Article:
Can Being Unemployed Increase Your Risk for Stroke?

Being unemployed can be a major source of stress, but can losing your job actually put you at an increased risk for stroke? Andrew Russman, D.O., discusses the results of a recent study that looks at increased stress and risk for stroke.

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CLEVELAND – Being unemployed can be a major source of stress, but can losing a job actually put a person at an increased risk for stroke?

According to a recent study, the answer is yes.

Researchers studied a group of more than 40,000 men and women between the ages of 40 and 59 over the course of two decades through varying employment statuses.

They found that experiencing just one incidence of unemployment was associated with higher risks of stroke in comparison with those who remained employed. Their results indicate that just one instance of job loss was more likely to result in an increase in smoking, alcohol use, high blood pressure and diabetes.

Andrew Russman, D.O., of Cleveland Clinic did not take part in the study, but said that lifestyle changes that are often brought on by stress can certainly impact a person’s risk for stroke.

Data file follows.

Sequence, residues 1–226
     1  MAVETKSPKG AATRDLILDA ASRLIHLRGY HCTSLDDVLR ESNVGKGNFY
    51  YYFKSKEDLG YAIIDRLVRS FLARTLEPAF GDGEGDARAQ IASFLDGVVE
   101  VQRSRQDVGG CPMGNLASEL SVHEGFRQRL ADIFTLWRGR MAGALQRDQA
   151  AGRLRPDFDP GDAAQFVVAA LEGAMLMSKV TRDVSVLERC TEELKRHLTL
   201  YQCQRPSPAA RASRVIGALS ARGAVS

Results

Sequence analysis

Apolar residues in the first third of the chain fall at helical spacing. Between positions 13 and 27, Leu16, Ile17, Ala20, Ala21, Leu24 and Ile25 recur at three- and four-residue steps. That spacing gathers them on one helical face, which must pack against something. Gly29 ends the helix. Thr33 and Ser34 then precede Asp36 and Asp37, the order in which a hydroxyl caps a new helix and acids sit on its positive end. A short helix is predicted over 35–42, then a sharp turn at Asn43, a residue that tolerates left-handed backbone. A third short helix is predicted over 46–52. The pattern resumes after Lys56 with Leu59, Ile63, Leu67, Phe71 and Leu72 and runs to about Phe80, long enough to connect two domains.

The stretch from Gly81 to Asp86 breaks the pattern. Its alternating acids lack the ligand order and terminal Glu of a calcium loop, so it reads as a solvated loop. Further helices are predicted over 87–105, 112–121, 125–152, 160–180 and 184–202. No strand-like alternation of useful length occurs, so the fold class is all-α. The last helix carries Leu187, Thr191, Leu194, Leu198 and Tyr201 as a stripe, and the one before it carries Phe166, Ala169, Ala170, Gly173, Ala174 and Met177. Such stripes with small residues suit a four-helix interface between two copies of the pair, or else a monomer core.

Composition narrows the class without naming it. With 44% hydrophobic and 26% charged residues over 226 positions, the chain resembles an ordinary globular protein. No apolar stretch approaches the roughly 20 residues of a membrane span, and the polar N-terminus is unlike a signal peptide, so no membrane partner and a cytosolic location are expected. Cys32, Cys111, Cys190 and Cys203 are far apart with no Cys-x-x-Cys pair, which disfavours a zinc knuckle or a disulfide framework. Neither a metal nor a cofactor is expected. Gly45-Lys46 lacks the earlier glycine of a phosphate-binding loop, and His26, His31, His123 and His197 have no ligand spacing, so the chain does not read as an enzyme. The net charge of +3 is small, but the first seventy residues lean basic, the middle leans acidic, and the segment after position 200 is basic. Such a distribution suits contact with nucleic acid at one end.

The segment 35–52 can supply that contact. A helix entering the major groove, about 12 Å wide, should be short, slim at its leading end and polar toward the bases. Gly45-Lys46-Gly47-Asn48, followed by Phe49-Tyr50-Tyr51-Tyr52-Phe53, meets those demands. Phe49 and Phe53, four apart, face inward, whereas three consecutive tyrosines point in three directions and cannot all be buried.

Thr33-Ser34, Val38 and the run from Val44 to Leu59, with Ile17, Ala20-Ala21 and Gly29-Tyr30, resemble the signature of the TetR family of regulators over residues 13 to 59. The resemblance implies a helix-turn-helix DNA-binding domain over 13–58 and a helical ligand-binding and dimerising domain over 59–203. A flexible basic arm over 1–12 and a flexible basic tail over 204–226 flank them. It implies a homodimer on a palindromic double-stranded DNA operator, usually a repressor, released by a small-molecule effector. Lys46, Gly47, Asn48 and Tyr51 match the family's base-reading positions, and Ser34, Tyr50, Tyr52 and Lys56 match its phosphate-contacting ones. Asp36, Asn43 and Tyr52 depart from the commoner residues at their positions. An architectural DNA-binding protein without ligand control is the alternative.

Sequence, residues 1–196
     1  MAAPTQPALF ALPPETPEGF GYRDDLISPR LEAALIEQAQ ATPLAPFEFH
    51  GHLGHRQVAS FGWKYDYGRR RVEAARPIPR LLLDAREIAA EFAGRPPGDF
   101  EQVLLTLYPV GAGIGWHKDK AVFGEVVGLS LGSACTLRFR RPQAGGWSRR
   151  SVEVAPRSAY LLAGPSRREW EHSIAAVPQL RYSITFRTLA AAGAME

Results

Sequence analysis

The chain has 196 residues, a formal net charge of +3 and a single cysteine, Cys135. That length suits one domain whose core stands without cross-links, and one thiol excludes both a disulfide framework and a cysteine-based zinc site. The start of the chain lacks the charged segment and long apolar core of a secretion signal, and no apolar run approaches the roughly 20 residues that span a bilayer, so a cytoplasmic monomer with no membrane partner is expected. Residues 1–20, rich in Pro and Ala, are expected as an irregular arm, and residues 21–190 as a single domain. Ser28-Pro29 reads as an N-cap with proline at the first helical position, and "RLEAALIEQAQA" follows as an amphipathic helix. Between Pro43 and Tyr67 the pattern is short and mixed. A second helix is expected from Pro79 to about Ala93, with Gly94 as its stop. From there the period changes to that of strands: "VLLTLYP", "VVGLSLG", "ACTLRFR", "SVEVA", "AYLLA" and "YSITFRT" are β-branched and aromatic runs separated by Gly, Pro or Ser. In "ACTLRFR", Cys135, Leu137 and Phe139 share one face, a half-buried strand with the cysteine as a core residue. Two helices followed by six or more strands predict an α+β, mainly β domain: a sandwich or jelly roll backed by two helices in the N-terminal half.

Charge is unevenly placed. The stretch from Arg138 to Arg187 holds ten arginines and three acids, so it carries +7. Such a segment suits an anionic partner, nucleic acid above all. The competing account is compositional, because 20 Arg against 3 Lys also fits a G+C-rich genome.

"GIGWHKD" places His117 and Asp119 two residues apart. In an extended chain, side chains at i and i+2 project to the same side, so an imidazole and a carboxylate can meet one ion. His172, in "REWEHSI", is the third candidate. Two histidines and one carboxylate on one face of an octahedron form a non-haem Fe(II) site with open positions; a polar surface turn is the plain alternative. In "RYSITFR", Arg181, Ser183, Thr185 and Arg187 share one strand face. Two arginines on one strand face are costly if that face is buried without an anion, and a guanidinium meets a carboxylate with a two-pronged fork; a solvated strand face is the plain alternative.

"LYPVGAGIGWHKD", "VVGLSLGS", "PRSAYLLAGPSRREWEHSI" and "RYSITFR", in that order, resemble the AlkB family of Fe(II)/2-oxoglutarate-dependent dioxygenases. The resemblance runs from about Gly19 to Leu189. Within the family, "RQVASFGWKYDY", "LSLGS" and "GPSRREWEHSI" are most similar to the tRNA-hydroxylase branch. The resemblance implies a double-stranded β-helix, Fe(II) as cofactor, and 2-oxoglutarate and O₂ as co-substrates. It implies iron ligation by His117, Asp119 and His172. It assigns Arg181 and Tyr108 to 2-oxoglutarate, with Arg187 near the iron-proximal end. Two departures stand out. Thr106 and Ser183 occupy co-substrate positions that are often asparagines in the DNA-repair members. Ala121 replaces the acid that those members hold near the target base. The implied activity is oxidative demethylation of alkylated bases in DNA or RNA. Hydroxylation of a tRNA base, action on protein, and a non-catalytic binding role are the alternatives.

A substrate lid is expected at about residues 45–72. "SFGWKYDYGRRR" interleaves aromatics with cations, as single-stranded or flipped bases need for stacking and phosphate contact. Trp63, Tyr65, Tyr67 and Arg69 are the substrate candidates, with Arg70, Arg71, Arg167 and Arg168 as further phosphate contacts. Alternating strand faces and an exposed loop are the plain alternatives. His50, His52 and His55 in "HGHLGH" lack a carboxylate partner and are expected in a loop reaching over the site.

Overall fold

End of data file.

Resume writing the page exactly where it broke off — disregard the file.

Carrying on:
“People who are unemployed are under an increased amount of stress and stress can change our lifestyle behaviors, such as increasing our alcohol use and can also lead to difficulty controlling our high blood pressure,” said Dr. Russman. “Both of these things result in significant increases in our risk of stroke.”

Dr. Russman said unemployment can result in certain stresses that might not exist while we’re employed, making us more likely to experience a change in health habits – whether it’s eating less healthy or even skipping medications in an effort to save money.

He said that if losing a job also results in losing health insurance coverage, this can play a critical role in maintaining health.

“This gap in health insurance coverage could actually result in a decline in their health, because they’re not as good about getting or taking their medications, and those medications for things like high blood pressure, cholesterol or diabetes are important for helping to control their risk of having a stroke,” said Dr. Russman.

Dr. Russman said those who might anticipate a job loss or a change in income need to make their health a priority. He recommends talking to a doctor about what resources might be available, in order to continue to take important medications, as many pharmacies offer medication discount programs.

Complete results of the study can be found in the journal Stroke.

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